Judy Shelton’s chance of getting confirmed to the Federal Reserve Board was left hanging by a fraying thread after the Senate left Washington Wednesday for a holiday recess without planning another vote on her nomination.
President Donald Trump’s pick of the controversial economist ran into bipartisan resistance, the political calendar and the pandemic, leaving her with little chance of confirmation before a new Congress and a new president take over next year.
The Senate returns to work Nov. 30, but Senate Majority Leader Mitch McConnell hasn’t yet put a vote on Shelton to join the Fed board on the schedule. The task of getting her confirmed will only get harder after that.
McConnell’s attempt to push Shelton’s nomination through the Senate this week was derailed by the absence of Republican Senators Chuck Grassley of Iowa and Rick Scott of Florida as they quarantined after being exposed to Covid-19. Grassley has since tested positive, though he says he has no symptoms, and Scott’s spokesman said the senator has been negative so far for infection.
With Republican Senators Mitt Romney and Susan Collins joining with 45 Democrats and two independents in opposing Shelton, McConnell was one vote short of advancing the nomination Tuesday. The Senate leader switched his own vote to no in order to preserve the option of bringing it up later.
But Shelton’s odds of getting confirmed later are plummeting.
The Senate is scheduled to return from the Thanksgiving recess the same day Democrat Mark Kelly will be certified in Arizona as the replacement for Republican Senator Martha McSally after this month’s special election. He could be sworn in that day. That would narrow the Republican advantage in the chamber by one vote, to 52-48.
In addition, a third Republican opponent of Shelton, Lamar Alexander of Tennessee, was absent this week but is expected to return.
If all members of the Senate vote, and assuming Kelly votes with fellow Democrats, Shelton’s nomination would be defeated 51-49.
McConnell on Wednesday offered no indication of his plans. At the White House, spokesman Judd Deere reiterated his statement after Tuesday’s failed vote that the administration remains confident that Shelton “will be confirmed upon reconsideration.”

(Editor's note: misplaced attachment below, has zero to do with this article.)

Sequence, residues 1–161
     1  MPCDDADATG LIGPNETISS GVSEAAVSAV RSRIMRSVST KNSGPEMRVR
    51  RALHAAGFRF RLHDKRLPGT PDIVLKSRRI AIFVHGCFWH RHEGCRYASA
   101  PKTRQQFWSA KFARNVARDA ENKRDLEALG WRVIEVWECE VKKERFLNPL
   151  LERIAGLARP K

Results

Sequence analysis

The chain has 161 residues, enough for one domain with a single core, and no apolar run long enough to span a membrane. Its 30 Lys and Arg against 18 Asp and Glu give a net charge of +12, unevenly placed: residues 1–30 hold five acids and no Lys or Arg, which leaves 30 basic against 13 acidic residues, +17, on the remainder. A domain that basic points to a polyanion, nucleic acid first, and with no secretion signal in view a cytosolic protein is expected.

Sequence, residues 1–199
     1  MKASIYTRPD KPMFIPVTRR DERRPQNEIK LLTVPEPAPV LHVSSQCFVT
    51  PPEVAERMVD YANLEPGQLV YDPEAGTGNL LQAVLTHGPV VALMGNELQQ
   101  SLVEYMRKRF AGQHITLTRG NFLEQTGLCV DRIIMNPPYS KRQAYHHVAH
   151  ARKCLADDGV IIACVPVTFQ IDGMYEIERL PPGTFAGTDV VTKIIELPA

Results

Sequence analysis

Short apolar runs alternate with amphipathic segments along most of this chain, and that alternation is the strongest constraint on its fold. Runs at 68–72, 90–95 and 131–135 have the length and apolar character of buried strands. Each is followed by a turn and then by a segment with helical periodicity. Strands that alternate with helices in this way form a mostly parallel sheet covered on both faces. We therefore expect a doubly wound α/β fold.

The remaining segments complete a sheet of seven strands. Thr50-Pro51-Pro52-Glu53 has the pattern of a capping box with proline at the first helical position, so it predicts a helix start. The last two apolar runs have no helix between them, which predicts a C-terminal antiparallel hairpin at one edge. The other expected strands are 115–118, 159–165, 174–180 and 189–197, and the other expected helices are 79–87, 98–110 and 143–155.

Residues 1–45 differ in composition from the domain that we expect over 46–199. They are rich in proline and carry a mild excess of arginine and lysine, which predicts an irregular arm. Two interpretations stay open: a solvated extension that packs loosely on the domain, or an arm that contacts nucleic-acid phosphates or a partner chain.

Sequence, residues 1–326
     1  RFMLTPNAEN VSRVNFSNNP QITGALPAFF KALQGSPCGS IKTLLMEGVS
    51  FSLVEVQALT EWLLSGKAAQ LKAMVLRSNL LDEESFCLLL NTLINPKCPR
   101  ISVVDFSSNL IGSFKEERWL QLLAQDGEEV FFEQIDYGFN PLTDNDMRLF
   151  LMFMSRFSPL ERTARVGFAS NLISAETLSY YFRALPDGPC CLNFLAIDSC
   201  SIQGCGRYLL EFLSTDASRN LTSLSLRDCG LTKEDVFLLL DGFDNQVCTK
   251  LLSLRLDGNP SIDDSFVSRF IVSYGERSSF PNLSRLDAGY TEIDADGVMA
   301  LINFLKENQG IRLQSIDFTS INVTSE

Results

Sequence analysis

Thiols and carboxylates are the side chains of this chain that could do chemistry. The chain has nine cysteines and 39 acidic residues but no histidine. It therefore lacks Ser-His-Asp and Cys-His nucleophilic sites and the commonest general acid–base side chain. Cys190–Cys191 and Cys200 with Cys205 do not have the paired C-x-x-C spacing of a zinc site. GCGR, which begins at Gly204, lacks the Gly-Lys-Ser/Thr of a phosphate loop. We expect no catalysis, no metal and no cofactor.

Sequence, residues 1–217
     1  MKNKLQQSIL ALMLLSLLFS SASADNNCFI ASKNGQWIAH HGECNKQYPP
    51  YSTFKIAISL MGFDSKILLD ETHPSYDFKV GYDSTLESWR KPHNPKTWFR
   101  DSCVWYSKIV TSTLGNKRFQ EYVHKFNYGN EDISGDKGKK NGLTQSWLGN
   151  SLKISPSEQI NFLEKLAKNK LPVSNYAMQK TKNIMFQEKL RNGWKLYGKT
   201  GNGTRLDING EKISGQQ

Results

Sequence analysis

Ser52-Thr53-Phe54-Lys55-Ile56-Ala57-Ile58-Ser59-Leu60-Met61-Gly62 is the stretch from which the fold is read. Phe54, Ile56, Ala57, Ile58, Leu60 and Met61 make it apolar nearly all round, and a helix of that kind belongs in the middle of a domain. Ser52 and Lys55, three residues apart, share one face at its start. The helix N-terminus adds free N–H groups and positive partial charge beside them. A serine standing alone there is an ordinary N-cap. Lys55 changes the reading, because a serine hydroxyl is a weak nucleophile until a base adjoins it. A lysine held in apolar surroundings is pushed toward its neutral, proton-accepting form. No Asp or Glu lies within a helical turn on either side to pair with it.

Shelton was nominated alongside Christopher Waller, research director at the Federal Reserve Bank of St. Louis. While McConnell hadn’t scheduled a vote on Waller or said whether he will, he has bipartisan support and still could get confirmed.
Trump first announced his nomination of Shelton 16 months ago, and due to a lack of Republican commitments of support, McConnell didn’t schedule it for a full Senate vote until days ago.
The history of views of the 66-year-old economist and former informal adviser to Trump made some in the GOP resistant. She was long known for her advocacy of a return to the gold standard, ultra-hawkish views on inflation and opposition to federal deposit insurance. She provoked further controversy and opposition by abandoning those opinions and calling for interest-rate cuts — aligning herself with Trump as she emerged as a candidate for the Fed post.
Former Fed officials and a group of prominent economists, including seven Nobel Prize winners, signed letters this year urging senators to reject her nomination.
Trump previously advanced four other people to fill the two vacant board seats, all of whom failed to make it to confirmation.
His failed Fed choices have included people too partisan or unorthodox to garner enough support in the Senate, including the former Republican presidential candidate Herman Cain, who has since died, and Stephen Moore, an economist at the conservative Heritage Foundation who advised Trump’s 2016 campaign. Cain and Moore withdrew from consideration in the face of opposition from Senate Republicans.
The Senate also didn’t act in 2018 on the nominations of two more mainstream candidates, economists Nellie Liang and the late Marvin Goodfriend, who withdrew from consideration.
The highly partisan post-election scrum comes amid other efforts to confirm Trump nominees before the Jan. 20 inauguration of President-elect Joe Biden.
— With assistance by Erik Wasson
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